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Interview with Mike Martin

The full interview with the reigning 505 world champion continued from "Starting Line" in our November/December 2009 issue

October 21, 2009

Mike Martin 368

Rich Roberts

Ten years after winning the 505 World Championship crewing for Howie Hamlin, Mike Martin won it again, this time as skipper. The 44-year-old’s crew for the 2009 event, which took place in San Francisco, was fellow Newport Beach, Calif., resident Jeff Nelson.

Is it more fun crewing or driving a 505?

Both are fun and challenging, but in totally different ways. With driving, your actions obviously have a direct impact on the speed of the boat. For this reason, you have to concentrate really hard on doing a few tasks extremely well. With crewing, you have to be thinking about everything: sail trim, where the pressure is on the course, how you are positioned relative to other boats, and all of the numerous other things that are going on while sailing a 505. Of course the best part about crewing is that you don’t have to hike!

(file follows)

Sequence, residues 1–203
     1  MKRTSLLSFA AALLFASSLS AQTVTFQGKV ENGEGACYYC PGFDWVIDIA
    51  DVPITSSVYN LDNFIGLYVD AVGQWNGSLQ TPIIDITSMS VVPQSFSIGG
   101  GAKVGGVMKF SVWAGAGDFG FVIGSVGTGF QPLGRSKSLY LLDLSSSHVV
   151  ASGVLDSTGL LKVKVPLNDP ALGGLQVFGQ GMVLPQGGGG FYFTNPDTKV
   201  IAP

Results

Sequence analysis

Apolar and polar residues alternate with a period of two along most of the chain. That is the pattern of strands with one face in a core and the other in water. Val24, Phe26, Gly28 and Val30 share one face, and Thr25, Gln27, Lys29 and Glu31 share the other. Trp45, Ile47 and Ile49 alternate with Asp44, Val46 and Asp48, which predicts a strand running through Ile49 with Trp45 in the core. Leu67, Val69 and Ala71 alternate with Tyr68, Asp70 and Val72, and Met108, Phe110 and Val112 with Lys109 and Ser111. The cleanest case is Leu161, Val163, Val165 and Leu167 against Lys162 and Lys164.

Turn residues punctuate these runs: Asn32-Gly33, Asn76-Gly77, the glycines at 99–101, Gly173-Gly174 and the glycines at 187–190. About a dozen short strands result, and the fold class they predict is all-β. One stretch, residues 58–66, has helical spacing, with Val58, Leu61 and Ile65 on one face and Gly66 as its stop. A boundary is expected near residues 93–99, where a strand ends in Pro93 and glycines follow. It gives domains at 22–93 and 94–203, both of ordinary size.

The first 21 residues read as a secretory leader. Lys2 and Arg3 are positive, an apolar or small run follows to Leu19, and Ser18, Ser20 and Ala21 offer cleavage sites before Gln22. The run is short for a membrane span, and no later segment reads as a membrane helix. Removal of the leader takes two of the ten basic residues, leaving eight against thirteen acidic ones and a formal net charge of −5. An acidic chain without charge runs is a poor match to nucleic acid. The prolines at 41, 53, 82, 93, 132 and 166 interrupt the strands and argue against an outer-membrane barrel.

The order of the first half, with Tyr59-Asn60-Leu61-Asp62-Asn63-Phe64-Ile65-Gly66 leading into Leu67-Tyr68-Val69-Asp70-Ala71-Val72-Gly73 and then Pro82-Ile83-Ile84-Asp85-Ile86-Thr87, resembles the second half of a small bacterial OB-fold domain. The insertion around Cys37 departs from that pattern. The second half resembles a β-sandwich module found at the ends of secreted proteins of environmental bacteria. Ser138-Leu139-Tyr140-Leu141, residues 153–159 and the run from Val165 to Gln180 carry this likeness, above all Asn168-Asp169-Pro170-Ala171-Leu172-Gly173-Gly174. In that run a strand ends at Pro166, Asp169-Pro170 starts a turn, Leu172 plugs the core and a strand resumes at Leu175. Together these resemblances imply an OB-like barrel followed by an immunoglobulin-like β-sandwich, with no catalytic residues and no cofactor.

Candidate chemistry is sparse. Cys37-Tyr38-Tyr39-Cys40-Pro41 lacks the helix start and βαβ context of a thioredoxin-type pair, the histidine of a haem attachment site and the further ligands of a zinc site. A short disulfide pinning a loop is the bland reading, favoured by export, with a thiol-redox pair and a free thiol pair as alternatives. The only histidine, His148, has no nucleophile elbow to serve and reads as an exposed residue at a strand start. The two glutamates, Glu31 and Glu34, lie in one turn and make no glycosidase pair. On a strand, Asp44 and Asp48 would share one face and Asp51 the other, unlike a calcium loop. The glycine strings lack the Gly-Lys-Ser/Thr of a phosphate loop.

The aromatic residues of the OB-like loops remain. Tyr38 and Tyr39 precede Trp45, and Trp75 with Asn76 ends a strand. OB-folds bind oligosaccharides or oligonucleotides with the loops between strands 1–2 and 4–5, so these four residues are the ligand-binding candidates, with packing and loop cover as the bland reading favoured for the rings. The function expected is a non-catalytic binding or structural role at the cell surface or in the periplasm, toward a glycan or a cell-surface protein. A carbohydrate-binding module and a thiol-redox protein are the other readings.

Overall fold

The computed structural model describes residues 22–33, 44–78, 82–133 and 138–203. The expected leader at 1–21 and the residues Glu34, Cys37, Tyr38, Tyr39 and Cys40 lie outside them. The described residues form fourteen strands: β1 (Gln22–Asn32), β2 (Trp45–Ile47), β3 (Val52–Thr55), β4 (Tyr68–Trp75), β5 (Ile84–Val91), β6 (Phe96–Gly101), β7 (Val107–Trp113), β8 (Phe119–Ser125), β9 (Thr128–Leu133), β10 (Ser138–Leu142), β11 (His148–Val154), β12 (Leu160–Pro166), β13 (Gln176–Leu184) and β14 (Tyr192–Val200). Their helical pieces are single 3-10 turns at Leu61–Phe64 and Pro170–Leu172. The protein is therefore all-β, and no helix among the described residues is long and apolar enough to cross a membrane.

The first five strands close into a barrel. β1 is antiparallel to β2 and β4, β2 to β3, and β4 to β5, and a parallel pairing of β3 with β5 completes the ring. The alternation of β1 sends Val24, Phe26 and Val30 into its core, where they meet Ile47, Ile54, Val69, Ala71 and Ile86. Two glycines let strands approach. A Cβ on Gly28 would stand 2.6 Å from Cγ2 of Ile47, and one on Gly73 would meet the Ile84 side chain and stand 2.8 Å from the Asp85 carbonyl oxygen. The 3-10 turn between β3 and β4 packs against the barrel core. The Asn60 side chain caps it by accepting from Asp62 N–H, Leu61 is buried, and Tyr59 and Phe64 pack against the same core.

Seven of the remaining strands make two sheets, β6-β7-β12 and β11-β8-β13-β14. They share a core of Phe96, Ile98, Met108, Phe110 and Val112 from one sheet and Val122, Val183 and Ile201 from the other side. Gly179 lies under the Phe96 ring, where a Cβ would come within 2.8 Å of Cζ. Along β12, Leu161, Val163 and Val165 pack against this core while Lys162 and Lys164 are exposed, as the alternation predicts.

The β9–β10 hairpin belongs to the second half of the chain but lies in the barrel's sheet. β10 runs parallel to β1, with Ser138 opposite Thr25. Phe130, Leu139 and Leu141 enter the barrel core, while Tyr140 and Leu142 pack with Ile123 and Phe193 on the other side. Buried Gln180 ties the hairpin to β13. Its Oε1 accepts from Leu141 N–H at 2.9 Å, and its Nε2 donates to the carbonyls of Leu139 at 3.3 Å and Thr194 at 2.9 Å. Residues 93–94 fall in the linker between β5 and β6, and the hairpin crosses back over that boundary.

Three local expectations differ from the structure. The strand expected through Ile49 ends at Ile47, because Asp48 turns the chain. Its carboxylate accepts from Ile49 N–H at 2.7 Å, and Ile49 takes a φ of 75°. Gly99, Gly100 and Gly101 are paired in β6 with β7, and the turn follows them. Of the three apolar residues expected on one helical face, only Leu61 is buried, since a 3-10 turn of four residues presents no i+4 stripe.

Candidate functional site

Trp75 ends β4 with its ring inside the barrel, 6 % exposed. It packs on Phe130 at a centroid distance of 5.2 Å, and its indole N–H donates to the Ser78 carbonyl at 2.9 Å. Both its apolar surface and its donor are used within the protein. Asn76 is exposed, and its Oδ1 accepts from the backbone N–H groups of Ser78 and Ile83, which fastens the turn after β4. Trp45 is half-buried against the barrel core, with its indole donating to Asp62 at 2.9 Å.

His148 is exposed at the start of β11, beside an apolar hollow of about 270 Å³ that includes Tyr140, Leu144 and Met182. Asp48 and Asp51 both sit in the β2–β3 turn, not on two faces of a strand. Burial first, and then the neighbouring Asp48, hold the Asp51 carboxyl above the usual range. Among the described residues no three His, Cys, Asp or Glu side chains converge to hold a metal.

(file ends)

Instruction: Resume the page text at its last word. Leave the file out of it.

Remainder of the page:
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What are the key skills that Jeff Nelson brings to the table?
I’ve always said the most important part of 505 sailing is finding a good crew. This is never more true than when sailing in San Francisco. I can’Äot see anything due to the waves and spray coming off the boat, so I rely on Jeff to be my eyes. The crew is really the only one in the boat who can make calls about boat traffic, wind shifts, and laylines. So obviously, Jeff is an extremely important member of the team. Just look around the boat park at a major 505 regatta and it is clear that the talent in the front of the boat is equal or better than what is in the back.